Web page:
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The Puzzling Equity Premium Quietly Leading You to Pitfall

While stock returns have for decades outperformed risk-free rates in the U.S., the idea that this premium is an immutable, inherent feature of the asset class strikes Institutional Investor columnist Christopher Schelling as naive.

  • Christopher Schelling

The equity risk premium is one of the great puzzles of modern finance. And yet it’s perilously taken for granted.

The premium is the excess return stocks produce compared to a risk-free rate of return reaped from investments in safe securities such as U.S. government bonds. While it’s easy to measure historically — averaging around 4 percent to 6 percent annually over the past 60 to 80 years — the reason for the supposedly reliable results is less obvious.

Most economists argue this excess return comes as compensation for having accepted higher risk, and they’ve developed models to forecast the premium investors will get as their reward for buying stocks. But these models don’t explain why the premium has been so wide and why it has persisted for so long.

If it’s so substantial and reliable, is it actually higher risk? Perhaps the question is: Why haven’t stock prices risen even higher since the excess return compared to Treasuries appears to be a foregone conclusion?

But before delving too deeply into that, let’s turn to another complicated concept to fit some more pieces into this puzzle: the human search for meaning. One of the fundamental observations of modern psychology is that people have a powerful drive to make sense of the world around them, resulting in spontaneous attempts to explain observed, or perceived, patterns.

While conducting research at the University of Illinois at Urbana-Champaign in 2014, psychologists Andrei Cimpian and Erika Salomon introduced the concept of the “inherence heuristic” in a paper published in the journal Behavioral and Brain Sciences. Building on earlier work by Nobel Prize winner Daniel Kahneman on two types of thinking — fast and intuitive versus slow and deliberate — the authors explored the fast, intuitive cognitive process of identifying causal relationships.

Under the concept of the inherence heuristic, people process easily accessible information relating to a pattern they’ve identified and intuitively arrange it into a compelling narrative to explain causality. It’s a mental shotgun approach to reasoning, as opposed to the more systematic and rigorous thinking that goes into deliberate cognitive processes.

Quick mental processes prefer the path of least resistance, with the easiest answer derived from superficial characteristics that are labeled inherent features.

Here’s how it looks in practice: A primitive man drops rocks and logs into a river. The rocks always sink and the logs always float. He concludes rocks are inherently heavier simply because, well, they’re rocks.

Despite the shallow reasoning, the patterns are deemed stable and inevitable precisely because the identified characteristics are believed to be immutable and inherent.

In other examples of labeling, people tend to view blue as masculine and pink as feminine. If you feel such relationships are natural and inevitable, that’s the inherence heuristic ascribing gender as intrinsic to the colors.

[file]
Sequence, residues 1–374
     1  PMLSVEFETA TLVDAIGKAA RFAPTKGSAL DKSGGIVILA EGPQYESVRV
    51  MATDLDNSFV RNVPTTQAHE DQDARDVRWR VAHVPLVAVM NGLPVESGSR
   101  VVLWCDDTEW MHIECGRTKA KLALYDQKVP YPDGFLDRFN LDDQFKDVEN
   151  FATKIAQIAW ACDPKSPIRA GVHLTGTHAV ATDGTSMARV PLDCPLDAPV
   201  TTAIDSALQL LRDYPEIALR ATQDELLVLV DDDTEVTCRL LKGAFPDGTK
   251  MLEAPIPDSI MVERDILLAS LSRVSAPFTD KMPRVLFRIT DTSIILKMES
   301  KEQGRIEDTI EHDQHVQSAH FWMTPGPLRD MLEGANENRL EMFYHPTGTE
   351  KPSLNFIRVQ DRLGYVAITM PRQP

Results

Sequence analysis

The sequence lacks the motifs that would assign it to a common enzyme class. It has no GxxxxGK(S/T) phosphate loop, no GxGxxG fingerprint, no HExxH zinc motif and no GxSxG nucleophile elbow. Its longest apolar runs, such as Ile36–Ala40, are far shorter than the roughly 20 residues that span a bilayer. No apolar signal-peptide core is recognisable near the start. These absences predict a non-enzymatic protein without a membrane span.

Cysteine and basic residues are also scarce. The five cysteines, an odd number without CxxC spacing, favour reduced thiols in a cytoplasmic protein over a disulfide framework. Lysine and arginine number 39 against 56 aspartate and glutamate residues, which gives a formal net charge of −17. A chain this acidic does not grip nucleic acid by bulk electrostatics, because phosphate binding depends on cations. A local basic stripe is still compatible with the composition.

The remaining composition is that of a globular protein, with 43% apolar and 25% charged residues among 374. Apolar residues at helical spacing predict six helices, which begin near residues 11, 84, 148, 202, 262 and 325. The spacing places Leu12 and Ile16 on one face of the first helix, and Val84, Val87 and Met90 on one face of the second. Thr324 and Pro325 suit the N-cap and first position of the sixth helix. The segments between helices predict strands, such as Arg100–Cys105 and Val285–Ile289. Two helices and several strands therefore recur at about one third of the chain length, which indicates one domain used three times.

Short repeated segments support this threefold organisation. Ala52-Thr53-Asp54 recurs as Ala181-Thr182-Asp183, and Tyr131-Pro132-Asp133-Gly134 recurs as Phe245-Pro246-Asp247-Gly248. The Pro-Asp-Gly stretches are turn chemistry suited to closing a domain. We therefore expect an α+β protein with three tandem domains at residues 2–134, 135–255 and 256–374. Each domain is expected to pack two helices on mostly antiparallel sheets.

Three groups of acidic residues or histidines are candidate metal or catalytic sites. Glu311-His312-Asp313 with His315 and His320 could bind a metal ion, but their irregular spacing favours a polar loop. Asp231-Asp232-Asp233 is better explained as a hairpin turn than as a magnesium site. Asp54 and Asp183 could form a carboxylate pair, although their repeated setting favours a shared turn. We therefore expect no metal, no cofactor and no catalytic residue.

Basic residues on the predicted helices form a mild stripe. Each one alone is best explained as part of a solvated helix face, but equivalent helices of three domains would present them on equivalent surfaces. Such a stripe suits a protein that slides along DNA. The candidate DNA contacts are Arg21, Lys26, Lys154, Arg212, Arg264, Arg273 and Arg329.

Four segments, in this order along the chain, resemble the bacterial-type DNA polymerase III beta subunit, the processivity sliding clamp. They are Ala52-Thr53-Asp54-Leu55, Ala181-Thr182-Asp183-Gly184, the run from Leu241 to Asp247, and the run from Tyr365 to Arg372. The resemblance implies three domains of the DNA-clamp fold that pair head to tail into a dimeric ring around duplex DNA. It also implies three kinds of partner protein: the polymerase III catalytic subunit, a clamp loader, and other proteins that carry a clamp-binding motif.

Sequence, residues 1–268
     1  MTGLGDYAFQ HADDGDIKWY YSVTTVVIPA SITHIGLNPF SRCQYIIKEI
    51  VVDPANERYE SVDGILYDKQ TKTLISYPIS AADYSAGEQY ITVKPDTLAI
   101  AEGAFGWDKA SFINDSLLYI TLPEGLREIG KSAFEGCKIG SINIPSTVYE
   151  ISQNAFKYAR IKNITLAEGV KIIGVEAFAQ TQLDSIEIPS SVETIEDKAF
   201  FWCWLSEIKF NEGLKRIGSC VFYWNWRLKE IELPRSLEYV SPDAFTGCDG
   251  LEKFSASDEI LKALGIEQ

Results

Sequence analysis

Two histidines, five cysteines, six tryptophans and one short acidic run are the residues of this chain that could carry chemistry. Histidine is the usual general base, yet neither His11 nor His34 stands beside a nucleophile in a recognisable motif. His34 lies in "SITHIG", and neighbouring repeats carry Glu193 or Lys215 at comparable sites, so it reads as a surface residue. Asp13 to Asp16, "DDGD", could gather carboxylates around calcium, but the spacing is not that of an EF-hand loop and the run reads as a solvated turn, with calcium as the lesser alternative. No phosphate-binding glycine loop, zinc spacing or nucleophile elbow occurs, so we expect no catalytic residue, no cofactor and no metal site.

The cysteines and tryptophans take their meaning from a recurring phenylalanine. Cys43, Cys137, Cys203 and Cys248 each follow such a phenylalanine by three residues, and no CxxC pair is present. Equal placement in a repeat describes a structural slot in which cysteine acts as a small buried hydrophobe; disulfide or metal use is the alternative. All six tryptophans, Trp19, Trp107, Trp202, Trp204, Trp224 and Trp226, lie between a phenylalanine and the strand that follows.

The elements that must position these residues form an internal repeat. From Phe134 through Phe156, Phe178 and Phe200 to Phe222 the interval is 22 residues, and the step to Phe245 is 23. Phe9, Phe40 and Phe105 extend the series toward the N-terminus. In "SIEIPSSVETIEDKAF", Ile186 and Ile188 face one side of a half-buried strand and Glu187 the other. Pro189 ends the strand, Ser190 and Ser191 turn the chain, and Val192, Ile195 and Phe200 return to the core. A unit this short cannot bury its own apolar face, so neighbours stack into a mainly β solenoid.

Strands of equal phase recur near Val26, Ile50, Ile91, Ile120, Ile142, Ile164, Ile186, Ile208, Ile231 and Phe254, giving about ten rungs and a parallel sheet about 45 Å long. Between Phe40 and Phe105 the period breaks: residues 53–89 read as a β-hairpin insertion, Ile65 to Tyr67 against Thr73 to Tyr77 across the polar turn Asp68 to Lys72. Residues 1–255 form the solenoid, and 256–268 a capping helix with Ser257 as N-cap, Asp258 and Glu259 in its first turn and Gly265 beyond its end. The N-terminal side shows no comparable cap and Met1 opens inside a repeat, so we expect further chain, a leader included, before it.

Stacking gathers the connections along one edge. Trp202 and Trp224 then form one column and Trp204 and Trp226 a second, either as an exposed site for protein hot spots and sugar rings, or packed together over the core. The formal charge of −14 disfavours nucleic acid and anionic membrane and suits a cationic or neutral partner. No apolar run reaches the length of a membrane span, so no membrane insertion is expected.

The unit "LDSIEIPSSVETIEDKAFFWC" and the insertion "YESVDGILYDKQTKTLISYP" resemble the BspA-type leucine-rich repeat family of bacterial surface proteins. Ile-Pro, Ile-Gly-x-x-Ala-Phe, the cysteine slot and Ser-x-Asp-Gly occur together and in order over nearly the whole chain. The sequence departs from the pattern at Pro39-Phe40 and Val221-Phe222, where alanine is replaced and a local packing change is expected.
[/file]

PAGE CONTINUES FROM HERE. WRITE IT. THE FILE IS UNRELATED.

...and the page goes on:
The scientific method — a very deliberate process of thinking — has given modern humans a deeper understanding of causality. We’ve discovered that rocks and logs are composed of similar elements such as carbon, oxygen, iron, and potassium. And that the density of atoms in solid objects, or the amount of matter per unit of volume, determines what floats or sinks, not any inherent feature of rock.

Now back to the equity risk premium.

While stock returns have for decades outperformed risk-free rates in the U.S., the idea that this premium is an immutable, inherent feature of the asset class strikes me as naive.

We should know by now that stock market returns come from underlying factors such as dividend yield, corporate earnings growth, and the expansion of price-earnings multiples. By digging into its various features, consider how the Standard & Poor’s 500 index has performed in the past 50 years.

In 1966 the five-year annualized earnings growth rate for companies in the S&P 500 was 10 percent and the trailing 12-month price-earnings ratio was 14.8. At the end of 2016, the five-year annualized earnings growth rate was 2.3 percent and the market was paying 20.6 times earnings to own the S&P 500.

Perhaps more importantly, the dynamics behind these measures have changed significantly.

Earnings growth in past decades was fueled by massive improvement in productivity stemming from industrial and digital innovations, strong demographic tailwinds, and growing use of leverage financed at progressively lower interest rates. Today we have a massive debt overhang with interest rates near all-time lows, stagnating productivity, and an increasingly aging population.

Meanwhile, the eight-year bull market persists, with the S&P 500 returning 16 percent in the 12 months through May 19.

Public equities may well outperform Treasuries, and I suspect they will. But I’m not sure there is any inherent reason to expect the premium to look anything like it used to just because, well, they’re equities.